It reminded me a lot of what I was told growing up about appreciating what my ancestors had done to make me who I am.  My great-great-grandfather was a freed slaved.  I was reminded of everything he did and his life.  I thought it was interesting that you could look up from the slave quarters and see down but from upstairs you couldn’t see back. Assuming it was the same back then, the slaves were shackled and packed like sardines looking up at the comfortable life of the owners but the white people could go up and completely forget about what was happening below.  The numbers were startling when we were there in person.  Imagining millions of people going through that experience – all that history, heritage and culture disappearing from where it originated. All that death changed so much for America and for Africa.  The millions who died on the voyage was like the death of a culture in my mind. -Colette

When the tour guide specifically talked about how the younger ladies were kept in a separate part of they were virgins and how there was a hole for them to keep themselves clean during their periods – it brought back clear and powerful feelings.  Why would a person separate girls just for this purpose? Just to pleasure themselves.  How can you make someone else suffer for your own pleasure?  After I saw everything, I went up and looked over the balcony.  It was clear that there weren’t divisions in the building back then.  I could picture what the door of no return really looked and felt like back then – the feeling of never coming back.  I just kept thinking “God, forgive us.”  -Joy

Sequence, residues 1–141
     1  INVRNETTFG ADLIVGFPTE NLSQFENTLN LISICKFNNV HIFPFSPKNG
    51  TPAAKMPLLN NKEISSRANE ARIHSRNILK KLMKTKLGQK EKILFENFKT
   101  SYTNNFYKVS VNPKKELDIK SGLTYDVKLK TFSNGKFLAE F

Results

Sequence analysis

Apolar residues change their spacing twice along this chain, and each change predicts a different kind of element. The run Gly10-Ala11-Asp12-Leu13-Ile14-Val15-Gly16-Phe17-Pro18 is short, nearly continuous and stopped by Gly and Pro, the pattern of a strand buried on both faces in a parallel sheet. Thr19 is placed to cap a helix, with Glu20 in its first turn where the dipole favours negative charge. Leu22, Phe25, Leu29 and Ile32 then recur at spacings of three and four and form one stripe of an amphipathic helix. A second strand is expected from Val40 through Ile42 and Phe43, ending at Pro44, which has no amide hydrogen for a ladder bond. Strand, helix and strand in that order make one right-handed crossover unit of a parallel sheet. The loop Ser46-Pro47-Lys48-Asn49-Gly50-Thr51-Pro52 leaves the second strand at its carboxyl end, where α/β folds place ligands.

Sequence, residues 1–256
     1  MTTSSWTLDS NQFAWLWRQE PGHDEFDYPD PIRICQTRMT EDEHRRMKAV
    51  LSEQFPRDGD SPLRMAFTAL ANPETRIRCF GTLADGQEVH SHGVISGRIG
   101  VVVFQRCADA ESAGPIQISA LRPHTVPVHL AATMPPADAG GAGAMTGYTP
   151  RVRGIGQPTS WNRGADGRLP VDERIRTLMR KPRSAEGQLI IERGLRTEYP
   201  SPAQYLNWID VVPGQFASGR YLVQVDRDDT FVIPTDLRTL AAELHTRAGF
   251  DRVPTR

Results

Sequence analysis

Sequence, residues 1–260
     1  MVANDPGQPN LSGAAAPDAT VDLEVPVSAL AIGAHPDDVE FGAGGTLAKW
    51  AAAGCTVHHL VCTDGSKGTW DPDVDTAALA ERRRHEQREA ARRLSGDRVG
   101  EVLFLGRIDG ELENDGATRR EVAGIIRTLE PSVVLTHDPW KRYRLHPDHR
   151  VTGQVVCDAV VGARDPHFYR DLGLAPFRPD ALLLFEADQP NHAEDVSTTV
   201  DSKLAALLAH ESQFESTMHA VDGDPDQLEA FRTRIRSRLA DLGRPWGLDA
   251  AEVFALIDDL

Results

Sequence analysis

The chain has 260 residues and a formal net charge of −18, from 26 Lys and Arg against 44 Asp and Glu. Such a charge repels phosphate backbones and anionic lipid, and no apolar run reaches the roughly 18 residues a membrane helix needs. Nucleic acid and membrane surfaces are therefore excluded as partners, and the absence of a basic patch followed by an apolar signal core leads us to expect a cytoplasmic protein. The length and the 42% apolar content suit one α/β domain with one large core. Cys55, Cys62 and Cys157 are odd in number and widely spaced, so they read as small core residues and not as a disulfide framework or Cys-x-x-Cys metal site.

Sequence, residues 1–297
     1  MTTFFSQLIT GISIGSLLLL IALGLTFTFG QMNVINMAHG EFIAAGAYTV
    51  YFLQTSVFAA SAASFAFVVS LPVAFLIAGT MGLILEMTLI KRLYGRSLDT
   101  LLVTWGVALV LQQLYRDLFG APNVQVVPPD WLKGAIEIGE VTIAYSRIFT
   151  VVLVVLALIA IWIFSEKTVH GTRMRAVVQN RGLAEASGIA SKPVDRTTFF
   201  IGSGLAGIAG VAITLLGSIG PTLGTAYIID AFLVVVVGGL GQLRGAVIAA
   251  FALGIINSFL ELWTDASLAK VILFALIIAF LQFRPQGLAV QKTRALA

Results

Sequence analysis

This whole trip, everything felt like it was about me.  About what I was learning and feeling.  But when I was in the slave house, I forced myself to stop thinking about myself.  If I had kept revolving everything around me, I wouldn’t have learned that much.  But when I stopped thinking about myself, everything changed.  I understood that place.  I don’t think I could have handled really imagining myself as one of those slaves.  I had to separate myself to comprehend what I was seeing.  -Danielle

3 thoughts on “Reflections on Goree Island

  1. “God forgive us” indeed. Your stirring words all collected together are truly transmitting the feelings that this place produces. “What were they thinking”, “how could it happen”, and “how can slavery still be happening”. As newly informed students of this history, I am sure you will see all history with more skepticism than ever. How can mankind do these things and conveniently explain away, modify or ignore the horror and pain, or forget. Like the glorification of senseless wars and gruesome deaths in war. Read Wilfred Owen’s poem “Dulce et decorum est pro patria mori.” At the end he says that the latin phrase in the title (it is glorious and sweet to die for your country) is “The Old Lie.”

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  2. Wow. Thank you all for taking the time to tell your stories and help us pause, if even for a few moments, from our safe and comfortable Thanksgiving holidays to reflect on a past that we must never forget.